If you’ve ever walked, cycled or driven the length of Bainbridge Street between 3rd and 5th Sts., you’re probably familiar with the strange island of parking spaces dividing Bainbridge Street into an east and westbound lane in the middle an otherwise fairly straightforward grid of one-way streets (aside from the beginning of Passyunk Avenue, but that’s an issue for another day).
Well, time was when you could buy your meat, beet borscht and kishkas right there in the middle of Bainbridge Street. Now, all you can buy is a parking spot, and only for two hours at that. In the late 19th century, Russian, Polish and Jewish immigrants came to dominate the Queen Village neighborhood with particular concentration between Christian and South, and 3rd and 6th Streets. The neighborhood became a dense cluster of immigrant shops, tailors, theaters and eateries, as well as synagogues, sweatshops and modest to ramshackle homes. South Street became a thriving center for this variety of establishments. Just a block south—according to the image borrowed from G.M. Hopkins’ 1875 Philadelphia Atlas–a marketplace of semi-permanent shops and stalls cropped up directly down the middle of the cobblestone street from the western side of 3rd Street to eastern end of Passyunk Avenue.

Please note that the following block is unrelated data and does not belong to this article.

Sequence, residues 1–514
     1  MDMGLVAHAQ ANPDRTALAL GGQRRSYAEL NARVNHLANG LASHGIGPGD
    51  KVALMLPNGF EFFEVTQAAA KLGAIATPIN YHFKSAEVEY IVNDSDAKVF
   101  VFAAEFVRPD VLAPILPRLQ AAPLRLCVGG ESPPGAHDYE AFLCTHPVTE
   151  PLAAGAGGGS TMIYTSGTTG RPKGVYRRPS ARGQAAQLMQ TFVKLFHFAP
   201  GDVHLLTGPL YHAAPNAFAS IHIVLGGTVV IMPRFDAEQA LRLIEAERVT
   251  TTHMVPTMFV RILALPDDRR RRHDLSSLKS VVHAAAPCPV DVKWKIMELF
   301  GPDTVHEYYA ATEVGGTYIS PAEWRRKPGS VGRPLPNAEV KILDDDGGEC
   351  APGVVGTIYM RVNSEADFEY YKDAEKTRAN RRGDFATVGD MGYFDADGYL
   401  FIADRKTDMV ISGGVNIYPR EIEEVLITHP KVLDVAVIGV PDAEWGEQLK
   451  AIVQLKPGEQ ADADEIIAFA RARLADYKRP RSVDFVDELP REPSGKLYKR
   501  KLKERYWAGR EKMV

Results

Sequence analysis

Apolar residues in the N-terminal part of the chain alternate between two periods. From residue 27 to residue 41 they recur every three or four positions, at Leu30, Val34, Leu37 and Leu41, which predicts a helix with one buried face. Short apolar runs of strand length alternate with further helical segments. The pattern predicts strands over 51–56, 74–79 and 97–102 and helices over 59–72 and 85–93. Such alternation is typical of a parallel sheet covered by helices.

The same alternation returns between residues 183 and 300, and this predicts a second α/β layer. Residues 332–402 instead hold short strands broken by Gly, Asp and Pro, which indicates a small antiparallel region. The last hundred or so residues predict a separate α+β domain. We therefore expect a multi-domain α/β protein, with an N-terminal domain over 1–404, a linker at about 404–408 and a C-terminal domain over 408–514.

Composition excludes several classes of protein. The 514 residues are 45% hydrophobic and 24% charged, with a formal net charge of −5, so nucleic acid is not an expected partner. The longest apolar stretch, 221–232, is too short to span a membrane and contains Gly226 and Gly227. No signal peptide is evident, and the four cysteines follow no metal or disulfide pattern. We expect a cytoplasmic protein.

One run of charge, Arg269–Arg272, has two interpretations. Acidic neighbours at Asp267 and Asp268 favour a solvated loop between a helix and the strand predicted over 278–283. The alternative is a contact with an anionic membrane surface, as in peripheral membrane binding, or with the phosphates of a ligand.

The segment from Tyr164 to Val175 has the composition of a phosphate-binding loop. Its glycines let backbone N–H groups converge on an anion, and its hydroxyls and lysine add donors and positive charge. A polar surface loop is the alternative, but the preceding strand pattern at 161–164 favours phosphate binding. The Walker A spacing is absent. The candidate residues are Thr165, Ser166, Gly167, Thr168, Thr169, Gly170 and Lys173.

PhillyHistory.org refers to this as the Washington Market but reports that it may alternately have been known as the Youngblood Meat Market. The photo below shows the market in 1915, almost at the end of the line.
A series of articles about Early Philadelphia Markets by David O’Malley tells us that the city, dismayed over squalid conditions and rat infestations, saw to the closure of the market, replacing it with a lovely tree-lined green space. The city boasted of the environmental accomplishment, pictured below, in the Philadelphia Parks Commission Annual Report of 1916. . . before ultimately landscaping it with several dozen parking meters.